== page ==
A military dolphin is a dolphin trained for military uses.

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A minehunter is a naval vessel that seeks, detects, and destroys individual naval mines.

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Minelaying is the act of deploying explosive mines.

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A minesweeper is a small naval warship designed to engage in minesweeping.

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Minesweeping is the practice of the removal of explosive naval mines, usually by a specially designed ship called a minesweeper using various measures to either capture or detonate the mines, but sometimes also with an aircraft made for that purpose.

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Ming dynasty

The Ming dynasty was the ruling dynasty of China – then known as the – for 276 years (1368–1644) following the collapse of the Mongol-led Yuan dynasty.

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Ministry of War of the Russian Empire

Ministry of War of the Russian Empire, (Военное министерство, Military Ministry) was an administrative body in the Russian Empire from 1802 to 1917.

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Minol (explosive)

Minol (pronounced mine-ol) is a military explosive developed by the British Admiralty early in the Second World War to augment supplies of trinitrotoluene (TNT) and RDX, which were then in short supply.

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Mobile, Alabama

Mobile is the county seat of Mobile County, Alabama, United States.

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Mollusca is a large phylum of invertebrate animals whose members are known as molluscs or mollusksThe formerly dominant spelling mollusk is still used in the U.S. — see the reasons given in Gary Rosenberg's.

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Moritz von Jacobi

Moritz Hermann (Boris Semyonovich) von Jacobi (Борис Семёнович (Морис-Герман) Якоби) (21 September 1801 – 10 March 1874) was a German and Russian engineer and physicist born in Potsdam.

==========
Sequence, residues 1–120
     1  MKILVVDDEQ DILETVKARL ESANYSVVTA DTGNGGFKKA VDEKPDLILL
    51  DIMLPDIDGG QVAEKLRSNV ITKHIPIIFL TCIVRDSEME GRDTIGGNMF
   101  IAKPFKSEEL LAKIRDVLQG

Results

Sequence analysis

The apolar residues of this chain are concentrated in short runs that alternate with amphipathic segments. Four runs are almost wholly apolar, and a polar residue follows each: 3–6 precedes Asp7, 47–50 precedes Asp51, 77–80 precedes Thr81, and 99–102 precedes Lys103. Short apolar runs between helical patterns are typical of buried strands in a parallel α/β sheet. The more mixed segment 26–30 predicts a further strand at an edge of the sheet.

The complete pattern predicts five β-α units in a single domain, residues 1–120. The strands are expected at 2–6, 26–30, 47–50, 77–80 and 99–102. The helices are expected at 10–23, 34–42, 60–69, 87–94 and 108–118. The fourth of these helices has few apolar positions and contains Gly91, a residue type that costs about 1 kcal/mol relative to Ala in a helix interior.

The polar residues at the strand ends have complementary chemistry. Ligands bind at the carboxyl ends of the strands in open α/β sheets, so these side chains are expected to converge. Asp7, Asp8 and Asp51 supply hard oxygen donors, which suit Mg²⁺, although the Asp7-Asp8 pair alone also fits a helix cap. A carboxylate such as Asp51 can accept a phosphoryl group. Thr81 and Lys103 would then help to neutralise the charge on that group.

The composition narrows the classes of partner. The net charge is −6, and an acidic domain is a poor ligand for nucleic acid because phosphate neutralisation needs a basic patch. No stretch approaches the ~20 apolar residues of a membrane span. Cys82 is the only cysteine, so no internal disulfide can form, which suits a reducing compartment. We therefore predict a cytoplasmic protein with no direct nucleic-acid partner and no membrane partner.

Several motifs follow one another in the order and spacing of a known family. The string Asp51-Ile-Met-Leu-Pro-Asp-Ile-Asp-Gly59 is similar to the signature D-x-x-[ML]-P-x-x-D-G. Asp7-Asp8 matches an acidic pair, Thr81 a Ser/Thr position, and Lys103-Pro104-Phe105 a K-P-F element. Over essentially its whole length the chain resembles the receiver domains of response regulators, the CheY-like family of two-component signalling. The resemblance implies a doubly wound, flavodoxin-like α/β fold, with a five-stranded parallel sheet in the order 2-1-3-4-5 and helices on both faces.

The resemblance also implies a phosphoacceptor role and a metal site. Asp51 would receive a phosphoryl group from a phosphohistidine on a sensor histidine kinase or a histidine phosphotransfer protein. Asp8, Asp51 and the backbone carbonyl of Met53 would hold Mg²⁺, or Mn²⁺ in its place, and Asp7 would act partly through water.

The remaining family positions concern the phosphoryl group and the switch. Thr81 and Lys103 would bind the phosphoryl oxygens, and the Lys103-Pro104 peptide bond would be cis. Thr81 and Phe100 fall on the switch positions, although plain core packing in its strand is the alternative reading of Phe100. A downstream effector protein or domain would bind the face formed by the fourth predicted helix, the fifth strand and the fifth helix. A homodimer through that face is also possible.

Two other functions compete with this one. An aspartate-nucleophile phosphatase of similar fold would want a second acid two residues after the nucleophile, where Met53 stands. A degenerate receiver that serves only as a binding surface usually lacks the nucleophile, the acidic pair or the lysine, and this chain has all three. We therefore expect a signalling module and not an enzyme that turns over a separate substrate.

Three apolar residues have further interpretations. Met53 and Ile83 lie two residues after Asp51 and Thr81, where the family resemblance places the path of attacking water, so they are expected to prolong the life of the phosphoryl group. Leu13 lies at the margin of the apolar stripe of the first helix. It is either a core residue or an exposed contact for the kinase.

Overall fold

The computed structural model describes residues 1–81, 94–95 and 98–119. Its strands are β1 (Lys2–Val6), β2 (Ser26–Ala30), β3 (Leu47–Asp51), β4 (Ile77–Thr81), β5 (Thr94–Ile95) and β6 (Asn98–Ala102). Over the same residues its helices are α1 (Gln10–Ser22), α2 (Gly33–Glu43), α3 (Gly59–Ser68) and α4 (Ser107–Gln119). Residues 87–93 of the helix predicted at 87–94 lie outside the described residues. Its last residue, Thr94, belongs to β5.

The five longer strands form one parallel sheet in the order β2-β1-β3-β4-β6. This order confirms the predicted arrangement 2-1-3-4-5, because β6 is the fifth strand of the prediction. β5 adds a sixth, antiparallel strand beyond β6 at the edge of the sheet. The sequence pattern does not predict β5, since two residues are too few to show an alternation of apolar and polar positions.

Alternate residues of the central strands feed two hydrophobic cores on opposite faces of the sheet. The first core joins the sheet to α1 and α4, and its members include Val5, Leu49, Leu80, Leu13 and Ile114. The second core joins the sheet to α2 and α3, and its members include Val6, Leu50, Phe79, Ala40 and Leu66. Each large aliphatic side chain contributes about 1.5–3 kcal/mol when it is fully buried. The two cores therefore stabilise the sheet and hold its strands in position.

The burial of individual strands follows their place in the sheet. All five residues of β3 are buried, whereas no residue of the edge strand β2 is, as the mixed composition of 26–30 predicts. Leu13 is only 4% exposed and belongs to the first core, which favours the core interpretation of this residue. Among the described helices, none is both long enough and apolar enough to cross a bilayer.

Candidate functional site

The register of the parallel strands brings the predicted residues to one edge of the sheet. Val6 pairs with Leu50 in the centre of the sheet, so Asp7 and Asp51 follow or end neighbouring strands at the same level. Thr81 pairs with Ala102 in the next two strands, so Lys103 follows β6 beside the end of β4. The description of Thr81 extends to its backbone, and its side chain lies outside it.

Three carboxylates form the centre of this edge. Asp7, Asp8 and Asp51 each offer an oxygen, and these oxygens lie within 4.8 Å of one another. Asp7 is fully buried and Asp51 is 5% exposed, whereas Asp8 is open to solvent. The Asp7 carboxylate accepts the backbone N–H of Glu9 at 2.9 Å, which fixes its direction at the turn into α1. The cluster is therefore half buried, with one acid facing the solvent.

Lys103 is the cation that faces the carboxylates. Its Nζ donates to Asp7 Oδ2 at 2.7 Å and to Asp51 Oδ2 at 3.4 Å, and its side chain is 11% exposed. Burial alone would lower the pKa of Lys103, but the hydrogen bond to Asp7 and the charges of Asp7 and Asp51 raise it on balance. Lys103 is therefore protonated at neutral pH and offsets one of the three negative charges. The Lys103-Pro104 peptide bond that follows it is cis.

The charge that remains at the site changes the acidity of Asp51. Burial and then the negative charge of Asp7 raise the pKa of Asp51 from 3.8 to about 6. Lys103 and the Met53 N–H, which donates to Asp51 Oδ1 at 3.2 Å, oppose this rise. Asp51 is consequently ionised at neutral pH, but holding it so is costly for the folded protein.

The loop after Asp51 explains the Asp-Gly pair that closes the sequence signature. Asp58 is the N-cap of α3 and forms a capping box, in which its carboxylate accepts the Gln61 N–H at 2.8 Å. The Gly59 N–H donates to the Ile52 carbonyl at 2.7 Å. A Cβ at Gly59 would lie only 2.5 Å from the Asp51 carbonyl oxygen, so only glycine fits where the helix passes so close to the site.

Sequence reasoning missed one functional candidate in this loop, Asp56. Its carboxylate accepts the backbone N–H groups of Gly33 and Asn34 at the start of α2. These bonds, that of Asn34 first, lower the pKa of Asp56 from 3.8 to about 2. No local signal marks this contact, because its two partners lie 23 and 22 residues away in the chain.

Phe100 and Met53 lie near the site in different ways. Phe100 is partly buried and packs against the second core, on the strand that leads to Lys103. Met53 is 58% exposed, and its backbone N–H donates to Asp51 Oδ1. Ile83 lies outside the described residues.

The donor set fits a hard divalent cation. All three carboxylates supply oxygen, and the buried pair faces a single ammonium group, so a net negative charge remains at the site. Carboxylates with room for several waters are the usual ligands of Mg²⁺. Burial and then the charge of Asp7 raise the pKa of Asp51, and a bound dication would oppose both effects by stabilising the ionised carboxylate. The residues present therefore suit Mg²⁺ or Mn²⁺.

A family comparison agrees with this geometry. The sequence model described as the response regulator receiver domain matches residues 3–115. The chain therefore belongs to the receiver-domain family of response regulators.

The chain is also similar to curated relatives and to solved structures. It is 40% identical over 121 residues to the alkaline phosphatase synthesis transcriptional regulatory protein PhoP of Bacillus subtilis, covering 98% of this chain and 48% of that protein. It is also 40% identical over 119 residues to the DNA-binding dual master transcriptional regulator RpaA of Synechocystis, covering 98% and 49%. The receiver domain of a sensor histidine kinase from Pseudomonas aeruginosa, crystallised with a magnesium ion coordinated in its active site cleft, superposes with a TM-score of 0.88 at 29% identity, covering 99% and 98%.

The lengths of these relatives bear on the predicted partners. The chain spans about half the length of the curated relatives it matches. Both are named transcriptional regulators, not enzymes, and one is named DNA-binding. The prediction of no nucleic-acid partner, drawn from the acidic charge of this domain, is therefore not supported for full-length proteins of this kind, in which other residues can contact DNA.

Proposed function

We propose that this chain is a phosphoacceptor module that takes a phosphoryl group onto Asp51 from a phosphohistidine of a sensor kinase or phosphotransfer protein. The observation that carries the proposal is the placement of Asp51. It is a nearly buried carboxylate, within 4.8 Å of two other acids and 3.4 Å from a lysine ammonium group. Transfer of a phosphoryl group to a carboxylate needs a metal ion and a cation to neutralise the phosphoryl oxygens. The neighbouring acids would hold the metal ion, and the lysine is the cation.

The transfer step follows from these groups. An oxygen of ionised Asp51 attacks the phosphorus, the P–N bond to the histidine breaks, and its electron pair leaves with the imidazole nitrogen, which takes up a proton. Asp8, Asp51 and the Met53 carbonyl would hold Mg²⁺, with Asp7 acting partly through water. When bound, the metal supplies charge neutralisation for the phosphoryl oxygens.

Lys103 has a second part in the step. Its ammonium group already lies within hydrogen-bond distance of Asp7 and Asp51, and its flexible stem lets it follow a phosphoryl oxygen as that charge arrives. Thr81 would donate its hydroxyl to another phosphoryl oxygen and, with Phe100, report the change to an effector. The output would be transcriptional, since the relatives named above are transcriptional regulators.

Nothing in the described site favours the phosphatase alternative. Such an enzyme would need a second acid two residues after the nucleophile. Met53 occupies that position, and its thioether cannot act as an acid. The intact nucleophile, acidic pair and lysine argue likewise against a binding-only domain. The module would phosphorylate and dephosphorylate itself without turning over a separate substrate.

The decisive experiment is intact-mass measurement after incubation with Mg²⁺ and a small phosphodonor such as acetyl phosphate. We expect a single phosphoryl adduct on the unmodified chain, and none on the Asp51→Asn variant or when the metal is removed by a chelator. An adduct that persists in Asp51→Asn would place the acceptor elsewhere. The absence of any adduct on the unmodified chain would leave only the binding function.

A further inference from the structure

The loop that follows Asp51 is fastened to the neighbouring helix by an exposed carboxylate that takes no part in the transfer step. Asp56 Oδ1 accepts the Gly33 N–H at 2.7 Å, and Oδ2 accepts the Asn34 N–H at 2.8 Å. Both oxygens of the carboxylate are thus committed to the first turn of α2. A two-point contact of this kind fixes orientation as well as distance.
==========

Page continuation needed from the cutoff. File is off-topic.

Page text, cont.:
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Mu-metal is a nickel–iron soft ferromagnetic alloy with very high permeability, which is used for shielding sensitive electronic equipment against static or low-frequency magnetic fields.

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Nicaragua, officially the Republic of Nicaragua, is the largest country in the Central American isthmus, bordered by Honduras to the north, the Caribbean to the east, Costa Rica to the south, and the Pacific Ocean to the west.

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Nicaragua v. United States

The Republic of Nicaragua v. The United States of America (1986) is a public international law case decided by the International Court of Justice (ICJ).

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Nitroglycerin (NG), also known as nitroglycerine, trinitroglycerin (TNG), trinitroglycerine, nitro, glyceryl trinitrate (GTN), or 1,2,3-trinitroxypropane, is a heavy, colorless, oily, explosive liquid most commonly produced by nitrating glycerol with white fuming nitric acid under conditions appropriate to the formation of the nitric acid ester.

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North Sea

The North Sea (Mare Germanicum) is a marginal sea of the Atlantic Ocean located between Great Britain, Scandinavia, Germany, the Netherlands, Belgium, and France.

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North Sea Mine Barrage

The North Sea Mine Barrage, also known as the Northern Barrage, was a large minefield laid easterly from the Orkney Islands to Norway by the United States Navy (assisted by the Royal Navy) during World War I. The objective was to inhibit the movement of U-boats from bases in Germany to the Atlantic shipping lanes bringing supplies to the British Isles.

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Oil tanker

An oil tanker, also known as a petroleum tanker, is a ship designed for the bulk transport of oil or its products.